To give you a rundown of what to expect on the Namco clip for the hard to understand parts, first we talk a little bit about Namco’s redemption efforts, then Maximum Tune 3 and how the game works in letting one build their car and how the game remembers how you drive, a little bit about Tekken 6 and how they haven’t decided on releasing it yet due to it’s high cost and waning interest in fighters, what Namco might be doing with the Wii including using the Wii hardware to power future games (much like the Triforce hardware where they modified a Gamecube to power games like Mario Kart GP) which may or may not include motion-based controls, a little discussion about future developments including some talk about the Gundam Pods in Japan  (could we see them in the States or something like it), online gaming and Namco’s plans for including more online features in games. Also after the interview I asked them about possibly bringing Pac-Man CE (which appeared on XBLA only a while back and was designed as a true sequel of sorts to the original Pac-Man) to the arcades and in a funny coincidence they had been throwing that idea themselves “just a few days ago”. I think it would be an excellent idea, giving the game exposure to those that don’t have XBL and maybe they could add a few features that wasn’t in the Xbox version.

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Anti-violent video game laws brewing in state legislatures – what effect on coin-op?

March 4, 2008

In the world of video games, we’ve always had to battle negative and usually erroneous opinions regarding our hobby, especially when it comes to violent video games. There was a time when arcades were central to the “controversy” as games such as Mortal Kombat  came along and gained popularity.  There have been a few other violent games in arcades, including what was probably the first violent game ever, Death Race which was released way back in 1976. But as time has passed the number of violent arcade games has decreased and governments put their attention on home and PC games – which they have already regulated with a detailed rating system and at least in the US, fines can be imposed on stores that sell these games towards minors. It doesn’t seem to matter that in the end it’s in the hands of the parents as for many governments it’s never enough as they seek to satisfy their appetite for regulation and power. This is of course a sensitive subject but it comes to mind as I read a post by the AAMA on CoinOpToday.com. They state:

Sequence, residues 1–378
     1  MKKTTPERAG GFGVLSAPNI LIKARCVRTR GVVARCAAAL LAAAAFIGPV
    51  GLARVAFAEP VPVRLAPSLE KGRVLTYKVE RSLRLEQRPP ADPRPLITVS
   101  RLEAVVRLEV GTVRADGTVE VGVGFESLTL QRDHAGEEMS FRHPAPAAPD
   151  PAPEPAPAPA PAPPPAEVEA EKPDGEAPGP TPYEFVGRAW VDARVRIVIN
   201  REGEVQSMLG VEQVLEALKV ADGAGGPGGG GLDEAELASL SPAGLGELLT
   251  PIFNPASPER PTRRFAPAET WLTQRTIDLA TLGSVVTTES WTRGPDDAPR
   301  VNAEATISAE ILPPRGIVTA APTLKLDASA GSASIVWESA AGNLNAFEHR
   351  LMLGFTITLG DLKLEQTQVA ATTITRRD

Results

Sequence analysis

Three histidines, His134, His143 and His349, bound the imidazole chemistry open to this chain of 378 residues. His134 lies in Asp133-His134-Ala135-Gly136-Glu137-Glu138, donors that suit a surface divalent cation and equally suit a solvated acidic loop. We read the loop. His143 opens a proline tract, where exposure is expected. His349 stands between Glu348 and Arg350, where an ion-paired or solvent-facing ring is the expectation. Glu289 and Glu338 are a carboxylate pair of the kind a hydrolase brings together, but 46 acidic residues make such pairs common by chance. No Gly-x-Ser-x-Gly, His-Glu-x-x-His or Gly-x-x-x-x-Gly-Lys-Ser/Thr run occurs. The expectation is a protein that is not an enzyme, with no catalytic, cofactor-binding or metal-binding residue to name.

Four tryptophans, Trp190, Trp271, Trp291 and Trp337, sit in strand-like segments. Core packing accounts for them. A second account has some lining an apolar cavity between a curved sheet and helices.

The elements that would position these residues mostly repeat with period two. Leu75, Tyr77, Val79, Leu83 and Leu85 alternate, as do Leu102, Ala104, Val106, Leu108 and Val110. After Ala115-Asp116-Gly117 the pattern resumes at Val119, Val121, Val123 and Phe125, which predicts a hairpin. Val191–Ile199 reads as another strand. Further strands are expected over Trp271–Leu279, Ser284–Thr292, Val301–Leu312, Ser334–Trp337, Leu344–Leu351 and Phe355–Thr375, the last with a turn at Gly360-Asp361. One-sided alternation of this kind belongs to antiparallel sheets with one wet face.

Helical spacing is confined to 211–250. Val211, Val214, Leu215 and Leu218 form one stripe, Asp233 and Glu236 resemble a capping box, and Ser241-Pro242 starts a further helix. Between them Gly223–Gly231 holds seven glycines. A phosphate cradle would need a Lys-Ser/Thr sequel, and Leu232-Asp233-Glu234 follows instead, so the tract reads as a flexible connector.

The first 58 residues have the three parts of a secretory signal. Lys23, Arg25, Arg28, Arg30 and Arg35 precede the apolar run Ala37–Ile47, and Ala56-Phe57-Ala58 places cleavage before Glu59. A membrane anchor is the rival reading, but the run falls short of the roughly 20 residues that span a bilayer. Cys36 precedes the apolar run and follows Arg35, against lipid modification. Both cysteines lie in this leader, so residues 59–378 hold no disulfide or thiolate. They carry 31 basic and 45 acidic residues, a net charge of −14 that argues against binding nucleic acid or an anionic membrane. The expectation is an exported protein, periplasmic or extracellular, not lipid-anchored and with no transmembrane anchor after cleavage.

STATE VIDEO VIOLENCE UPDATE
With many state legislatures returning to session in January, there are again a series of bills that have been introduced that seek to restrict access by minors to games that contain violent content.  To date, all of these legislative efforts have been focused on the home- and PC-based side of the industry, with most attempting to restrict access to
games on the basis of ESRB ratings of “M” or “AO” which are not relevant for the coin-op industry.

The coin-op industry uses a different rating system (click on the thumbnail to enlarge)gamerate.jpg than home games where a series of color-coded stickers with a brief description of the game content are printed on them. Green stickers are the equivalent of “E”, Red stickers are the equivalent of “M”. The AAMA also writes about pending legislation for coin-op gaming in a few states which I’m putting this after the post break as I have some more to say on the subject.